The nature of schooling has remained basically unchanged for well over a century and the perception has naturally grown that its form is some how immutable.

It is most assuredly is not and in the last decade early adopter schools across the developed world and Australia have moved schooling from its the traditional paper based operational mode to one that is digital, and in some instances networked. (Lee and Gaffney, 2008) (Lee and Finger, 2010).

Schooling is evolving at pace, with virtually all schools in the developed world moving inexorably to the digital stage and as such from an era where constancy and continuity were the norm to a time of on-going, often rapid and uncertain change and evolution, where more than ever the desired future needs to be proactively shaped.

It is thus opportune to pause for a moment and to reflect on the current concept of schooling, its appropriateness for a networked society, to identify the current model’s shortcomings, to envision its desired form, to consider the implications of such a shift and to begin shaping the schooling appropriate for a networked world.

In examining the evolution of schooling over the past decade, and the profound impact the technology has had upon the learning of the young the author believes there are major shortcomings, and they have to do with the disinclination to revisit the reasons nations have schools, to ask what schooling should entail and to critique the established ways and as a consequence continue to perpetuate the lack of balance in the educative process, with the seeming inability or unwillingness of many vested interests to redress those imbalances and use very considerable untapped community resources.

While individual schools are moving at pace addressing these shortcomings there has not been from government a preparedness to take advantage of the shift to ask how best their nation should school its young in a world where learning occurs 24/7/365.

Why for example are the most important years in the education of a person, 0 to 5 not included in nation’s model of schooling? Why is ‘schooling’ provided during less than 20% of young people’s active time when we know they learn every moment they are awake? Why do so many authorities persist with a ‘one size fits all’ approach for all age levels in often vastly different communities? Why in a networked world is there such a wide and growing home-school ‘digital divide’ and so little use being made of the immense ‘teaching’ facilities of the student’s homes and the community?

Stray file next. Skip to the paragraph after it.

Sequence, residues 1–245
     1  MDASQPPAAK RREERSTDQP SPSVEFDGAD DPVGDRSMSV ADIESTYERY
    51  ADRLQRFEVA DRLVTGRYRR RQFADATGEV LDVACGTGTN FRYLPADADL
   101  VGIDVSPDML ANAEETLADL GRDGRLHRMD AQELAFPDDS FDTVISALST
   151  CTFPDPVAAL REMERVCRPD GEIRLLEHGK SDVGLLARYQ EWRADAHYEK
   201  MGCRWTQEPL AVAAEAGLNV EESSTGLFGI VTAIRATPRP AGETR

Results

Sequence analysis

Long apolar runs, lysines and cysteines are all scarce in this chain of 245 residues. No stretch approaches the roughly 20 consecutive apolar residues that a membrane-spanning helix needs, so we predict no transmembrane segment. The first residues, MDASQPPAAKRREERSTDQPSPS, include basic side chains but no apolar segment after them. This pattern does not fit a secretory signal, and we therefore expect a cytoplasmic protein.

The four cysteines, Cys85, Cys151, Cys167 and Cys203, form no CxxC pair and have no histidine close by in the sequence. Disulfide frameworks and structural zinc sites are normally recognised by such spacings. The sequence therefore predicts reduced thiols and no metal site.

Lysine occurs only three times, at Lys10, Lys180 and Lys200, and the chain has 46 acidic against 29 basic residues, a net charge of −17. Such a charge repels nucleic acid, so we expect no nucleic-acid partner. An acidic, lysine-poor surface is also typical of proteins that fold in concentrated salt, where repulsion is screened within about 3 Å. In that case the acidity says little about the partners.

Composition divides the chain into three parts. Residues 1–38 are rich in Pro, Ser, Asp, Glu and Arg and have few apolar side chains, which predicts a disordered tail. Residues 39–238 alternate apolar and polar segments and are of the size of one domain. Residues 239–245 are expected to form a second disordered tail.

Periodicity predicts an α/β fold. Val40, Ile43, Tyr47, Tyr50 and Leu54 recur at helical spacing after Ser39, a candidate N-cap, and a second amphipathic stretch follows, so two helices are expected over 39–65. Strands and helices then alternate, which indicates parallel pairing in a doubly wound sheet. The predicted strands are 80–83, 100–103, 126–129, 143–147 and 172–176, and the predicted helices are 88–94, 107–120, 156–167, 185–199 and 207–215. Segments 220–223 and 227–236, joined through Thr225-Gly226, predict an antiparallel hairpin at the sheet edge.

One can continue.

It is appreciated a growing number of schools are addressing these issues but it might help if we ask what should constitute a school in a networked world?

What is a school?

John Goodlad in his 1986 seminal analysis of US schooling spoke of ‘a place called school’ (Goodlad, 1986).

A quarter of a century on society still defines school a place by its physical form. ‘An institution or building at which children and young people under 19 receive an education.’ (Collins, 2007). Wikipedia defines ‘a school as an institution designed for the teaching of students (or pupils) under the supervision of teachers’. (Wikipedia, 2011).

Interestingly the definitions focus is on the physical entity and not its form or indeed societal purpose, and while the Collin’s definition speaks of the under 19 we all know schooling begins at age 5 in most nations.

A Google search of ‘schools’ and ‘schooling’ will reveal little or no questioning of the concept, although clearly education authorities have been obliged to contend with and approve ‘virtual schools’ and ‘home schooling’, both of which stretch the traditional thinking. Moreover the form of the school in education authorities controlled by bureaucracies compared to that within the non-government sector where the school has that much more local autonomy is often pronounced.

Notwithstanding while the literature abounds with calls to change schools I’ve been unable to locate any that suggests varying the traditional concept.  It is appreciated it may well exist but at this point in the history of schooling it is not coming to the fore.

What might be a school in a networked world?

Lipnack and Stamps in their Age of the Network, while commenting on work places in general tellingly observed in 1994;

‘Work rolls continuously around the world, following the sun, yet it is instantly accessible all the time by everyone whenever they need it. Boundaries are conceptual, not physical, in the virtual workplaces and need to be completely reconceived so that ‘physical site’ thinking is no longer a limitation.’ (Lipnack and Stamps, 1994, p15)

The ‘physical site’ thinking is still limiting the view of many about the nature of schooling in a networked world, and ought, as it was with industry several decades ago ought be consigned to history.

There is much to be said for defining schooling in the networked world by its function and purpose, and as a concept that opens the way for schools to fulfill their national obligations while at the same time having the wherewithal to cater for their particular networked community and age/client group/s.